MEMORANDUM OPINION AND ORDER
KANE, Senior District Judge.
This matter is before me on Defendant Dr. Richard M. Nuzzi's motion for summary judgment, filed September 22, 1992. Despite local rules which require the nonmovant to respond to a motion for summary judgment within twenty days after service, Plaintiff Susan Van Leeuwan has failed to do so. Rule 56(e) of the Federal Rules of Civil Procedure provides that when a motion for summary judgment is made and properly supported, the adverse party may not rest on the pleadings and must "set forth specific facts showing that there is a genuine issue for trial. If the
This is a diversity action for malpractice and other torts. Van Leeuwan alleges in her second amended complaint that she saw Dr. Nuzzi, a chiropractor, on November 6, 1989 for treatment of epileptic seizures. According to Van Leeuwan, Nuzzi advised her to stop taking her epilepsy medication and violently manipulated her head, neck, back, spine and torso. Van Leeuwan claims that after this treatment, she suffered great pain, her seizures got worse, and she became totally disabled. She alleges claims against Nuzzi for (1) professional negligence, (2) negligent failure to obtain her informed consent to treatment, (3) battery, (4) breach of express warranty that she would be cured of epilepsy, (5) negligent misrepresentation, and (6) outrageous conduct.
II. MOTION FOR SUMMARY JUDGMENT.
A. Claims for Professional Negligence, Negligent Failure to Obtain Informed Consent and Battery.
Nuzzi's first contention is that, in order to establish a prima facie case of malpractice, Van Leeuwan must establish by expert testimony a breach of the applicable standard of care. She has to date failed to identify any expert witness who will establish that Nuzzi's treatment fell below the standard of care. Nuzzi has submitted the affidavit of his expert, Dr. Scott Storrie, who opines that Dr. Nuzzi's treatment of Van Leeuwan was at all times appropriate. Storrie further states: "Specifically, Dr. Nuzzi's working diagnosis of cervical cranial syndrome, cervical segmental dysfunction, and sciatica were appropriately treated, the cranial manipulations provided were appropriately done, and no referral was necessary. No improper treatment of a seizure disorder was performed by Dr. Nuzzi." (Mot. Summ. J., Ex. D.)
Although Nuzzi argues that Dr. Storrie's affidavit establishes that there is no factual dispute that Nuzzi's treatment met the standard of care, courts are often reluctant to grant an unopposed motion for summary judgment based on opinion testimony alone. One treatise explains:
10A Charles A. Wright, et al., supra, § 2738 at 502. That same treatise goes on to note, however, that "if the issue is one of a kind on which expert testimony must be presented, and nothing is presented to challenge the affidavit of the expert, summary judgment may be proper." Id. at 503-04.
Under Colorado law, unless the subject matter of a medical malpractice action lies within the realm of the common knowledge of ordinary persons, the standard of care as well as the defendant's failure to adhere to that standard must be established by expert testimony. Melville v. Southward, 791 P.2d 383, 387 (Colo. 1990); Connelly v. Kortz, 689 P.2d 728, 729 (Colo.App.1984). Likewise, Colorado's law on informed consent does not require a physician to make a full disclosure of the risks of medical treatment in all circumstances; this, too, is a question dependent upon community medical standards as established by expert testimony. In re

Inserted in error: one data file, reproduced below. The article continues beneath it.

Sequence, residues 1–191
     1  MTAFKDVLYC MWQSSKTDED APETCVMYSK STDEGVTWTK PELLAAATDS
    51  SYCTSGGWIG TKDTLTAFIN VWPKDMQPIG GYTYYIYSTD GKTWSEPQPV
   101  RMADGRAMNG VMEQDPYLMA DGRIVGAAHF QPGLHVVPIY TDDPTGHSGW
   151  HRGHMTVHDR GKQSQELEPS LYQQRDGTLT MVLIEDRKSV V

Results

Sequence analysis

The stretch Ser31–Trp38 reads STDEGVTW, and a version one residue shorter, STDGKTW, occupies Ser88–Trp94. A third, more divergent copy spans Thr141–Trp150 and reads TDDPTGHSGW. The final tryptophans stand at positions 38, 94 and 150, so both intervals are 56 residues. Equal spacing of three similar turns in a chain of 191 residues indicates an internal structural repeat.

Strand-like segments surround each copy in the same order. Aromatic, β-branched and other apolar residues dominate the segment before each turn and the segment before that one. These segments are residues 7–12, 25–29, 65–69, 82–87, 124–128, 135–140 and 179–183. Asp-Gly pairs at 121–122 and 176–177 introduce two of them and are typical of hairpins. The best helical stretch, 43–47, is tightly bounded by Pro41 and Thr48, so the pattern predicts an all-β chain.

In his affidavit, however, Dr. Storrie nowhere addresses Van Leeuwan's claim that Nuzzi breached the standard of care in advising her to stop taking her epilepsy medication. Likewise, Storrie makes no opinion on whether the course of treatment provided Van Leeuwan was one for which informed consent was not required. For this reason, Storrie's affidavit is relevant only to the standard of care Nuzzi provided in manipulating Van Leeuwan's spine. It does not provide a sufficient basis upon which to grant summary judgment on her claim relating to Nuzzi's advice on her epilepsy medication or her informed consent claim. Therefore, I deny Nuzzi's motion for summary judgment as to these claims.
Van Leeuwan has also pled a claim for battery. Under Colorado law, however, a battery cannot occur in these circumstances unless the physician has obtained no consent for the procedures. See Bloskas v. Murray, 646 P.2d 907, 914 (Colo. 1982). Thus, this claim is inconsistent with the facts and with Van Leeuwan's claim based on lack of informed consent. Moreover, even if Van Leeuwan's complaint can be construed as stating a claim for battery, it would be barred by the statute of limitations, since the events in question took place more than one year before the complaint was filed. See Colo.Rev.Stat. § 13-80-103(1)(a) (1987). Thus, summary judgment is granted in favor of Nuzzi on Van Leeuwan's claim for battery.